The DT Blog

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NaNoWriMo Admirer

It's November, and what could be trendier than NaNoWriMo!?  I have a young friend who is all about some National Novel Writing Month.  She has excited and encouraged me to join in the fun.  I said, "No."

It's not that I don't like NaNoWriMo; I do!  I love the passion and the deadline.  However, I am just not into the month long goals or 30 Day Challenges.  They aren't bad; Matt Cutts is a big fan of the 30 Day Challenge, and he is crazy awesome.  But, I think he said it best: "I can say, 'Hey, I wrote a novel.'  Is it any good? No, I wrote it in 30 days, but I did it."  Even though I'm not a fan of trying to cram a huge undertaking into a single month, I am a huge fan of the concepts involved, and I think there are even things to learn from them that will improve your website performance.

Set Goals

Whether it is for 30 days or 365 days, it is good to set goals and attach deadlines to those goals.  This is one of the most basic features of short term goal setting.  You have a determined (or even predetermined) time frame to accomplish a determined (or predetermined) thing.  It might be accomplishing something within the time frame like writing a novel or running a race or memorizing passage.  It might be continuing something for the entire time frame like ... reading a novel or just running or staying off of YouTube every day.

Your goal can be whatever you want it to be, but for it to be a good goal, I think it should meet certain criteria.  A good goal should be:

  • Lofty  Don't set a goal that you know you can achieve.  Don't shy away from a goal that you know is unattainable either.  Go for it!  Think big!  Feel the freedom to fail big.  You might be surprised at how good well earned failure feels.  You might even be surprised at what you are actually able to do.
  • Well Defined  Don't set a goal that is too ethereal or general.  Aimlessness is not your friend in goal setting.  I am often surprised at how seldom people are able to define their goals (personal or professional).  What is the goal as a professional?  What is your goal as a parent?  What is your actual goal ... other than to just kind of be good at something.
  • Measurable  Don't set a goal that is too meandering or subjective.  Set a goal that you can measure and track and know whether or not you are being successful.  In other words, if you are going to write a novel, have a word count.  If you are going to lose weight, have a target weight (and body fat percentage).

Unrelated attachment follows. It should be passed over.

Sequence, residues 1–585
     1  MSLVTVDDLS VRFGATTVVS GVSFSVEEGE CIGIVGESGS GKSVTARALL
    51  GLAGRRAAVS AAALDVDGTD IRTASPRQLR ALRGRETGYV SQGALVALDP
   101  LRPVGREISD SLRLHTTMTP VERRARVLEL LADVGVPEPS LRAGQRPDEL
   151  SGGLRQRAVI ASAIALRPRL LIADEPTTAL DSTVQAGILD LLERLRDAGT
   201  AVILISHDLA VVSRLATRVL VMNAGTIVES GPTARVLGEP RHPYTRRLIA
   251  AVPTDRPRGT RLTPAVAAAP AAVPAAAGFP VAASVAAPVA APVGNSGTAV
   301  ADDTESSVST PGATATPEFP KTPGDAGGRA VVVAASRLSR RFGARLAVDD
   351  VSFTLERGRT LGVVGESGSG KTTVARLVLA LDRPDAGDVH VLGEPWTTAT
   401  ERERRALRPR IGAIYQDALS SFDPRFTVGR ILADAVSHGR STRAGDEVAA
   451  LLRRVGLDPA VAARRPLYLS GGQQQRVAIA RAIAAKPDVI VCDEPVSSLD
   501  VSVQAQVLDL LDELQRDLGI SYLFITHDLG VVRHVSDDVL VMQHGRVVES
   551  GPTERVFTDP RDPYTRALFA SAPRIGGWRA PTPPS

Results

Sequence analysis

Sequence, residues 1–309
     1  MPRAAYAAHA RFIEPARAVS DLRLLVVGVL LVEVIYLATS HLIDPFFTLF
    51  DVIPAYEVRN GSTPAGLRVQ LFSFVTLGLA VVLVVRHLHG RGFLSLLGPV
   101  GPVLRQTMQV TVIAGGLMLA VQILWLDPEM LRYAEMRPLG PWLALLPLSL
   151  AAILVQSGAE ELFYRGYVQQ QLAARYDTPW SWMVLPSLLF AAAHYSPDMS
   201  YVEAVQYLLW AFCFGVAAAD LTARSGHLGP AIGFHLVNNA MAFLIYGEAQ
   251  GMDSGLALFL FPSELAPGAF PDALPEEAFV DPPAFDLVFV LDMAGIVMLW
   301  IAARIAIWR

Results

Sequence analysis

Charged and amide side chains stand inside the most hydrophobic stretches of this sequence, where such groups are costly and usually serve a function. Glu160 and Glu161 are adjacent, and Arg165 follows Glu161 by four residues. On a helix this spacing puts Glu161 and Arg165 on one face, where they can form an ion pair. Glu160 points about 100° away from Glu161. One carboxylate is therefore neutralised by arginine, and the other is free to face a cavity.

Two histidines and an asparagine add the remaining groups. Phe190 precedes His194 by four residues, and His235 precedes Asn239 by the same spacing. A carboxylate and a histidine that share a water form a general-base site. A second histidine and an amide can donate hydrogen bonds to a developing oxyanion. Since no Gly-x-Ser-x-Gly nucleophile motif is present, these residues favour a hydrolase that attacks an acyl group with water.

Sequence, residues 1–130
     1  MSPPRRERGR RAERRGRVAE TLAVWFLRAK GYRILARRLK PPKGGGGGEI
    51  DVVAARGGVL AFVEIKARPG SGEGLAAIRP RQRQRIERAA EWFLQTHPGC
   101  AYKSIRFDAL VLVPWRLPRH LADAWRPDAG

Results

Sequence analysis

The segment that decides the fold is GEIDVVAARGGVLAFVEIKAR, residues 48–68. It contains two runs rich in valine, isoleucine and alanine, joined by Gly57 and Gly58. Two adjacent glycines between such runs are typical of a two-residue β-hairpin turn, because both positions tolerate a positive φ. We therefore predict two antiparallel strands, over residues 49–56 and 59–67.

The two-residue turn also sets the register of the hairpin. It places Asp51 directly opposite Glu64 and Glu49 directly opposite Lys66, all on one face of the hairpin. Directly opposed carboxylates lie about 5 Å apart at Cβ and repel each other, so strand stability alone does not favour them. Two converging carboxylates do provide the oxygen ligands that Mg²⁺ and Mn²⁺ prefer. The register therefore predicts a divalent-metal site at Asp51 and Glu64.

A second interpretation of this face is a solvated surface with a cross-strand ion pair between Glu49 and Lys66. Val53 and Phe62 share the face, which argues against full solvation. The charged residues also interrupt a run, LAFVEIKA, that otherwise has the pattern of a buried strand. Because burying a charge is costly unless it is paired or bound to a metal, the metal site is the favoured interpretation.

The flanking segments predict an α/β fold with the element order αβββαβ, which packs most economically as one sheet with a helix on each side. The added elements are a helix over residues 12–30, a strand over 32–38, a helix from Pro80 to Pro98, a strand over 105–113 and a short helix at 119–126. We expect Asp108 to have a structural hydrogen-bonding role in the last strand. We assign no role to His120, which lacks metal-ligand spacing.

Share Progress

There are precious few people who can set a good goal, not tell anyone about it, progress through the necessary steps and actually accomplish the goal.  We are, by nature and by design, communal creatures.  We want to talk to people about what we are doing.  When they take a genuine interest it provides built-in inspiration and accountability.

If you are like me, this thought scares you.  I don't like people looking over my shoulder.  I find the forced encouragement patronizing, and I will accomplish my goals in my time.  I don't like anyone to see me have to hit ctrl+z.  The truth is, though, I have set and accomplished some good goals this year all on my own ... but I had to tell someone.  In fact, I had to tell several people.  To be honest, I kind of regret not telling more people.  So, here are some sharing suggestions:

  • Announce  Behold the power of expression!  It is amazing the things you will actually do once you say you will do them.  Say to the world (or at least to you social network) that you have set a goal.  Tell them what it is and how soon you want to accomplish it.
  • Update  Because your well defined goal is so measurable, it will be easy to track your progress.  So, when you hit a milestone, tell people about it.  They really do want to know, and many of them truly will be proud of you.  Many more will be inspired by you even if they never tell you.
  • Display  Once you've accomplished your goal display it for all to see.  If you lost the weight, post a picture of the scale (or your new good lookin' body).  If you ran the race, show off the metal.  If you wrote the novel, share the manuscript; if you are hoping to get it published, at very least let everyone know that you did it.  'Cause you know what?  Most people didn't, and a lot of them wish they had.

Whether you are writing a novel in a month or renovating a house in a year, set good goals, go after them and share your progress with others.  It might be a great way to be more personal on your website and even give people a reason to keep coming back.